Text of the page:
In many ways, the aggressive acceptance and use of these tools by consumers means that they can easily find the most attractive price for any product and, as such, pricing power has surely moved from retailers to consumers, says Gian Fulgoni, comScore chairman.
Such observations, including the notion that "brands have lost control to consumers," are catchy, seem to resonate and capture something of the drift of the times. But the statements are not so accurate as statements of fact, one might argue. Consumers do not actually have pricing power, retailers do. Consumers do not define brands, brands do. That is not to say that in nearly every market, brands must deal with more powerful word of mouth than they used to, and that retailers have to respond more actively to price discovery mechanisms that make pricing more transparent than before.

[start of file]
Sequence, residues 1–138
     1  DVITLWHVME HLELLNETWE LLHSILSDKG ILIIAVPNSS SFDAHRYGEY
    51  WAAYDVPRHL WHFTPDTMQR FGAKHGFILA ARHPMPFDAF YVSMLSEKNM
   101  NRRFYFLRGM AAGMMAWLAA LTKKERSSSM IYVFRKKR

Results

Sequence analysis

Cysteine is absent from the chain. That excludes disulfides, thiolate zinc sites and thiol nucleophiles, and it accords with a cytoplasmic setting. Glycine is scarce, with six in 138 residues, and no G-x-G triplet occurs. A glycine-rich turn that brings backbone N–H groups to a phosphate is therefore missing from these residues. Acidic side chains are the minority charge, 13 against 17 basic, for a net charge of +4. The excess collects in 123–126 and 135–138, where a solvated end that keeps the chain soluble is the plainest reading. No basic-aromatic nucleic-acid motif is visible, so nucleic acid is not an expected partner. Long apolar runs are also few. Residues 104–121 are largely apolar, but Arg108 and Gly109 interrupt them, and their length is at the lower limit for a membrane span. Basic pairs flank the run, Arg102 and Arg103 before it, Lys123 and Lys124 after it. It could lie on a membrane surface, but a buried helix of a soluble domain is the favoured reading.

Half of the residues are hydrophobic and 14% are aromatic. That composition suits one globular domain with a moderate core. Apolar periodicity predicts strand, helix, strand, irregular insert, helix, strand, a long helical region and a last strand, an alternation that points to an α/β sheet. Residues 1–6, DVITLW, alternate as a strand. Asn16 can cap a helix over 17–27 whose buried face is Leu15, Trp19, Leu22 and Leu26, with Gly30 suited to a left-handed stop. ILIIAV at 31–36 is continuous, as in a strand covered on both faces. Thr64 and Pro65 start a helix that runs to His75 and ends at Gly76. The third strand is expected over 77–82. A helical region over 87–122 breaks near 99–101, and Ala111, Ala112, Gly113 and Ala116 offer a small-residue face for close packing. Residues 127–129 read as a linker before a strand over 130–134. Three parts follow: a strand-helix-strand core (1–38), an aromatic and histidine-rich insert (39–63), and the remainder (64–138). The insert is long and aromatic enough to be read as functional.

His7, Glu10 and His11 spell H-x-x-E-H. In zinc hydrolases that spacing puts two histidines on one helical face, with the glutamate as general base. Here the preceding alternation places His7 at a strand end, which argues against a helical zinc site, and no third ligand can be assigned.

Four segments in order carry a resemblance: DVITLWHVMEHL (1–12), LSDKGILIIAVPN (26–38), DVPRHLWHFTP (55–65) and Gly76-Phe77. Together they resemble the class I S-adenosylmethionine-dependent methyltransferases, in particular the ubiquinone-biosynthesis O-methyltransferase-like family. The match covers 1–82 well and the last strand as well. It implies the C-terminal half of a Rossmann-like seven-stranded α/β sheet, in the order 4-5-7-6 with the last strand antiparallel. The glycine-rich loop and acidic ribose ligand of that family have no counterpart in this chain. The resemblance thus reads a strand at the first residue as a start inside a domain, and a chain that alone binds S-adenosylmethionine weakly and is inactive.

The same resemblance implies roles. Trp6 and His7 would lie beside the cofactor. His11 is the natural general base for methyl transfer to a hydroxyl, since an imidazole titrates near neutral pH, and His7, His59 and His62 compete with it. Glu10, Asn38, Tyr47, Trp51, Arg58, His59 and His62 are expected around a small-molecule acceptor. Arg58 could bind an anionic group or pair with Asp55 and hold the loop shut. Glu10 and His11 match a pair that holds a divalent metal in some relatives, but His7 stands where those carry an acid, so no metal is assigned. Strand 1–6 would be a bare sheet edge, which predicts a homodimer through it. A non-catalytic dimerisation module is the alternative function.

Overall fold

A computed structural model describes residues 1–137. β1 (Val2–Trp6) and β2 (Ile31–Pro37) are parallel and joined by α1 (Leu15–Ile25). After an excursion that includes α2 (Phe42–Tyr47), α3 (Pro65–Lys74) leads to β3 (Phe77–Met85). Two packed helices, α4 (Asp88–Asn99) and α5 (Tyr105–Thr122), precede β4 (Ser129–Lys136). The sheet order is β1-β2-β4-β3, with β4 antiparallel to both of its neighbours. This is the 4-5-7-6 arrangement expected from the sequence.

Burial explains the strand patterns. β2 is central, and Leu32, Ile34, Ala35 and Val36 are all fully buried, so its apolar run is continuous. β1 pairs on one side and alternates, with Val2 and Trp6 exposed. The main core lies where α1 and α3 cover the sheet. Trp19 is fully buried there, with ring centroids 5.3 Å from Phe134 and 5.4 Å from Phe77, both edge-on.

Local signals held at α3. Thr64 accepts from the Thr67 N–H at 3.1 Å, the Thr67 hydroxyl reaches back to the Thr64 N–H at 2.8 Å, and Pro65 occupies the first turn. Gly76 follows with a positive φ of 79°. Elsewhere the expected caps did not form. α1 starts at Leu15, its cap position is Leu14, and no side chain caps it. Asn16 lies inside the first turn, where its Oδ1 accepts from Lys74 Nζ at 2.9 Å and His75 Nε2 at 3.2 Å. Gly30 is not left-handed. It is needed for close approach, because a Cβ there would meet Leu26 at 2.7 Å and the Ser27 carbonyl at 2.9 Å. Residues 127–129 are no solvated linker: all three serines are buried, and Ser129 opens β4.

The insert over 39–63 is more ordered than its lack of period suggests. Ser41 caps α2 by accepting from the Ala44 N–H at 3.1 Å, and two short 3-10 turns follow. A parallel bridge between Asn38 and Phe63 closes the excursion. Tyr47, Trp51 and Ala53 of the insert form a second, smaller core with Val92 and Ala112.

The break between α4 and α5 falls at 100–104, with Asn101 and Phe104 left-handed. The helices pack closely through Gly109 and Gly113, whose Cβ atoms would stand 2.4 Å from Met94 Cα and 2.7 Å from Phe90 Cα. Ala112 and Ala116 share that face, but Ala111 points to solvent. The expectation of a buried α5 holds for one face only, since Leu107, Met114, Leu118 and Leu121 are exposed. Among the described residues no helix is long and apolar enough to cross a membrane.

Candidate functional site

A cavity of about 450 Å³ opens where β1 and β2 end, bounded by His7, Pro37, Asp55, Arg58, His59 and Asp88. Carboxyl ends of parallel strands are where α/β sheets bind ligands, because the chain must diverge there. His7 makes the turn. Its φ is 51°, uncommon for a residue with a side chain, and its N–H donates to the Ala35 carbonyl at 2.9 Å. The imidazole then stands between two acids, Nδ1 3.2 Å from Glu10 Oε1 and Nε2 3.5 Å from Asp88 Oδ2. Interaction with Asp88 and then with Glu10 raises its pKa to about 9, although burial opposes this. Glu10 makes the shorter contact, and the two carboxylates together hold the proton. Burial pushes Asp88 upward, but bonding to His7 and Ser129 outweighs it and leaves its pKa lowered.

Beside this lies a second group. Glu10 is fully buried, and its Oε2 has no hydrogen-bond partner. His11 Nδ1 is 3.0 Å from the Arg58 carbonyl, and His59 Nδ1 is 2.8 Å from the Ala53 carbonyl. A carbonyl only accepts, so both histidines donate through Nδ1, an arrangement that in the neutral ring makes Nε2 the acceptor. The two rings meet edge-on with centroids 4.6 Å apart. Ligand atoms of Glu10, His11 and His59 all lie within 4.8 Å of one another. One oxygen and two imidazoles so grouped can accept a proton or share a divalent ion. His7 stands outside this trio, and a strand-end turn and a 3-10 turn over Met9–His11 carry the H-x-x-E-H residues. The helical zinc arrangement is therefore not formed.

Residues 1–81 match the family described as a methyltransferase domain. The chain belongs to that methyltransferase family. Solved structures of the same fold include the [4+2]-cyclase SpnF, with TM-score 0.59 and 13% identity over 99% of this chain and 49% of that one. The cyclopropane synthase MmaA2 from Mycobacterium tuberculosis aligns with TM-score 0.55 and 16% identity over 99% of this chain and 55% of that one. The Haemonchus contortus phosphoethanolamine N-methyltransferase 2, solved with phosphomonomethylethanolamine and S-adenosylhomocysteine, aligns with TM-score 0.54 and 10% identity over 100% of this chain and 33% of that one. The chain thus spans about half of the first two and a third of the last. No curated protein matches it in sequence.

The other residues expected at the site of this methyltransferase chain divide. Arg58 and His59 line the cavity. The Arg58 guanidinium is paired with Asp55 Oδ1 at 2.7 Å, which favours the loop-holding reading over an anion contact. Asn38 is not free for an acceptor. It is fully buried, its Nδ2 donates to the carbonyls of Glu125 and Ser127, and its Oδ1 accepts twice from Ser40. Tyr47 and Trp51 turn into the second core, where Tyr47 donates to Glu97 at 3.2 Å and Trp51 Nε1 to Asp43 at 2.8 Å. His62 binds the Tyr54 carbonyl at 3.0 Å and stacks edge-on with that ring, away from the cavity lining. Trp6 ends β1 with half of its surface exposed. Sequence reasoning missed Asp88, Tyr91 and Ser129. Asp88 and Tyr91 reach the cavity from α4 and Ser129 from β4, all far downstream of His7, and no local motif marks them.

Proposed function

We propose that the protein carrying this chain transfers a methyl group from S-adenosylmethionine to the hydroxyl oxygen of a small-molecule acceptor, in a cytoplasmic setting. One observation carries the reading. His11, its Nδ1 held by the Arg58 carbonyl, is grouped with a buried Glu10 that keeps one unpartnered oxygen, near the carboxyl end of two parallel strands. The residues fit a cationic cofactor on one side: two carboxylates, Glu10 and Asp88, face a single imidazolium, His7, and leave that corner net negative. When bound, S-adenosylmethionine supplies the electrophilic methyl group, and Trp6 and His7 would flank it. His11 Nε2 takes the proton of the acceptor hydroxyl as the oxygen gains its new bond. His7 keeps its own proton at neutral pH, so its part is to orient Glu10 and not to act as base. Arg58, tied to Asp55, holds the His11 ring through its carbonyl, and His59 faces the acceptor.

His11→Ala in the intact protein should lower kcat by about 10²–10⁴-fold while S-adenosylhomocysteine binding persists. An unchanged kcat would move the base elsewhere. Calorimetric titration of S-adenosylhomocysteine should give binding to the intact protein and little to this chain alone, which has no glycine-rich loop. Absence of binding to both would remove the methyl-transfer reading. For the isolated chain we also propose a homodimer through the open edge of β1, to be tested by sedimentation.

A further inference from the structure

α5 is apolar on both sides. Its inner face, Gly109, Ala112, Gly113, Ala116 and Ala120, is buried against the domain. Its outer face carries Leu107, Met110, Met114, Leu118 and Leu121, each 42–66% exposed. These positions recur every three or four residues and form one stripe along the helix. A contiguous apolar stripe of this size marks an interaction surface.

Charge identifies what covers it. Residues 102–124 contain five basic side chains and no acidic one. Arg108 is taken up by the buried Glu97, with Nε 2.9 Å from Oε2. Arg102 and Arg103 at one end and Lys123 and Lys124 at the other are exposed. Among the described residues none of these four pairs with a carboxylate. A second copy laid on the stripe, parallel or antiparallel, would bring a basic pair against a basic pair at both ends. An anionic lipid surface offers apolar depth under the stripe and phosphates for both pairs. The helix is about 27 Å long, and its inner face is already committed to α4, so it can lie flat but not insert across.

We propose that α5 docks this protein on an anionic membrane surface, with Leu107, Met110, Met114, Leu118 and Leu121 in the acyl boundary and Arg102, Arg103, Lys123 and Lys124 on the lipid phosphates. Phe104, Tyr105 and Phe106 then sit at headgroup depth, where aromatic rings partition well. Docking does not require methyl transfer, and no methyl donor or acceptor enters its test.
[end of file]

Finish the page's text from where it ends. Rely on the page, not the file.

But brands haven't lost control of their brands, or retailers control of their own pricing decisions. Markets simply are more transparent and "liquid" than they used to be, especially regarding pricing and information about alternate retail channels.